Every day from 6 am to 9 pm, Soe Min Lwin takes orders, serves food and washes dishes at a tea shop in Yangon, Myanmar. Every night, he climbs onto a wooden table and falls asleep. He is 12 years old, and by earning just over a dollar a day, he is his family’s main breadwinner.
“When I don’t work,” he said softly, “sometimes [my family] is all right, but sometimes they’re not. It depends on whether my stepfather can find work. He doesn’t have a steady job.”
Soe Min Lwin’s boss gives him six hours a week off work to attend classes held by the Myanmar Mobile Education Project. But he insists that hiring children like Soe Min Lwin is not unfair labor.
“We don’t torture these kids or force them to work,” he said. “We take them in and give them work so they can support their families. And here, they have a place to live and eat. If we didn’t take them in, they might end up in a worse place.”
Child labour has been prevalent in Myanmar for a long time, with many children working as housecleaners, factory hands and shop assistants. But their role has come under increasing international scrutiny as the country opens up after five decades of military dictatorship.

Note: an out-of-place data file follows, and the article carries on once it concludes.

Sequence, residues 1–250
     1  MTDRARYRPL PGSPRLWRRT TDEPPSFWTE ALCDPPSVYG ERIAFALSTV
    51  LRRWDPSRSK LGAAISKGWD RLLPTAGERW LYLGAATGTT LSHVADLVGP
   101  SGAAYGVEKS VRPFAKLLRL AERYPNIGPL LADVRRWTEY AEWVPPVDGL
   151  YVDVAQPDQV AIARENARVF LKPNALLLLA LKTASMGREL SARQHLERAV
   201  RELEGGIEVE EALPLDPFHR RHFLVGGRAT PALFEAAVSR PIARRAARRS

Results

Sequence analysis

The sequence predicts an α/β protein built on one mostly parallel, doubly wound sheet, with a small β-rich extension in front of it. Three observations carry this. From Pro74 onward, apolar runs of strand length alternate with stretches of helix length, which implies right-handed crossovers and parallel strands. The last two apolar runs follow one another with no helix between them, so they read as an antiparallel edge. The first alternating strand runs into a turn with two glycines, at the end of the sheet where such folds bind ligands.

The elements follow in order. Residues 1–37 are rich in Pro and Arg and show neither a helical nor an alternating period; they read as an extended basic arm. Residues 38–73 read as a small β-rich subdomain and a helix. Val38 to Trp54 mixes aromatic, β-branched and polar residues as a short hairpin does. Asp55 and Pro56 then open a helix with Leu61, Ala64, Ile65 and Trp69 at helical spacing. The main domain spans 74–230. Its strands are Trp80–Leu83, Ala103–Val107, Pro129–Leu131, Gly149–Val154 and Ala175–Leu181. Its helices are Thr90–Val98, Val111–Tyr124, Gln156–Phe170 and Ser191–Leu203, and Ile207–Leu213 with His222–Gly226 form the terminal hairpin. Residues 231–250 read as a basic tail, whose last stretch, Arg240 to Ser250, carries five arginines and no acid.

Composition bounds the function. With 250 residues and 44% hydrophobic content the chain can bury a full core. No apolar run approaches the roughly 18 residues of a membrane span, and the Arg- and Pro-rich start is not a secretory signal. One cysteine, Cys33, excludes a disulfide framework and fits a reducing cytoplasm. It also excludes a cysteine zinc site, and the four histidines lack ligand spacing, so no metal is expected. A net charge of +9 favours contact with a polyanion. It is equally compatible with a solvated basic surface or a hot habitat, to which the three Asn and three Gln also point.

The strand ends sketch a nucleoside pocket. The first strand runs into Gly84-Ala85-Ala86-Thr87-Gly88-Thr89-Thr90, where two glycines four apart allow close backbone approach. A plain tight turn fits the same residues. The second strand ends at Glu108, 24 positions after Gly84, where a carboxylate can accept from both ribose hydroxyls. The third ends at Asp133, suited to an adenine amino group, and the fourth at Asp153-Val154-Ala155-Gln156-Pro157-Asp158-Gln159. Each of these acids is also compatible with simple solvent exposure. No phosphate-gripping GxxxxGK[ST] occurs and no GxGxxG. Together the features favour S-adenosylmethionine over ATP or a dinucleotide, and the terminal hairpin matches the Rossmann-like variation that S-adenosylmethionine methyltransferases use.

Tim Aye-Hardy is the founder and director of the Myanmar Mobile Education Project, which provides free informal education to 400 children working in tea shops. According to him, “The issue itself is culturally accepted, because everywhere you go in this country, we see children working.”
The Myanmar Government recognise that child labor is a big problem, but also say that it is a result of poverty, with children needing to work to help their families make money. Until the country develops and the issue of poverty is addressed, then child labour will continue to be important for poor families.
Meanwhile, at Soe Min Lwin’s home, 55 miles north of Yangon, his $35 monthly salary goes a long way. His family owes money for rice, and each sack costs $20. A sack of rice lasts his mother, stepfather, two younger brothers and grandmother one month.
“It’s not that I want them to work,” said his mother, Naw El Shee. “Kids shouldn’t be far away from their parents. They could be corrupted. I let Soe work only because we’re not doing well.”
- Pray for Myanmar, that, as it opens to outside investment, the resulting new jobs and incomes will go a long way to reducing poverty and child labour.
- Pray for the government to be serious about enforcing laws that forbid the use of child labour.
- Pray for children and families caught in poverty, for hope and a way out of the poverty cycle.
- Pray for a move of the Holy Spirit in Myanmar, that many will hear the Gospel of Jesus Christ and come to know His life and love.
Proverbs 31 vs 8-9: “Speak out for those who cannot speak, for the rights of all the destitute. Speak out, judge righteously, defend the rights of the poor and needy.”